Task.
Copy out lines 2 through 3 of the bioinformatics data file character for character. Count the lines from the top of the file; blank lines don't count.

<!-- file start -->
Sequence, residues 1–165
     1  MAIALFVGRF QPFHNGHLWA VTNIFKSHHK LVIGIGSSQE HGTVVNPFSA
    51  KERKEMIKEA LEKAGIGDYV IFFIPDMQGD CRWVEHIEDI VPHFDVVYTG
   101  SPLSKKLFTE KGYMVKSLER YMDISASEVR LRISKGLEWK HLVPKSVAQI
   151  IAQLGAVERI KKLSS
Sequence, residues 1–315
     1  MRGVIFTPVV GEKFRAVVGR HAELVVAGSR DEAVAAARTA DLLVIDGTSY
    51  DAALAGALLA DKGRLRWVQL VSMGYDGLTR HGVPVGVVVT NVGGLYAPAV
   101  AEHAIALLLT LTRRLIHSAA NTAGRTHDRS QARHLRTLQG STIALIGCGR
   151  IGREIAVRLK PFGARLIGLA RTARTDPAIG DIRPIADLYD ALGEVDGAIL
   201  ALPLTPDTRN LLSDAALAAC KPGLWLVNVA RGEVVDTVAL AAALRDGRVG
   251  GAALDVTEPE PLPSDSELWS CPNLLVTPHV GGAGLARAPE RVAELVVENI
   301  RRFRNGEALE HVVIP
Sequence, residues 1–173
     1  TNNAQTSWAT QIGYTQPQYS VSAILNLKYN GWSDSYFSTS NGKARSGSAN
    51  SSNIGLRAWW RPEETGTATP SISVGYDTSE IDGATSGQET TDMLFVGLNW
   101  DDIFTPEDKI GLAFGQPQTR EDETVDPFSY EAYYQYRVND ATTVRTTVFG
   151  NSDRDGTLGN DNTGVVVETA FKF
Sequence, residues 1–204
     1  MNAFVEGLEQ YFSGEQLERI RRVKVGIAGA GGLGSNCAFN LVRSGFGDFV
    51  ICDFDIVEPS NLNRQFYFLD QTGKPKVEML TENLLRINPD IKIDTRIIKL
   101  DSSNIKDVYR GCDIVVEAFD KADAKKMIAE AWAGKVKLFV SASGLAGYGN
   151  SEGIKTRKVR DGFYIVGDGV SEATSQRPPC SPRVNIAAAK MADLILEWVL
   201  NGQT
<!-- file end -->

     1  MAIALFVGRF QPFHNGHLWA VTNIFKSHHK LVIGIGSSQE HGTVVNPFSA
    51  KERKEMIKEA LEKAGIGDYV IFFIPDMQGD CRWVEHIEDI VPHFDVVYTG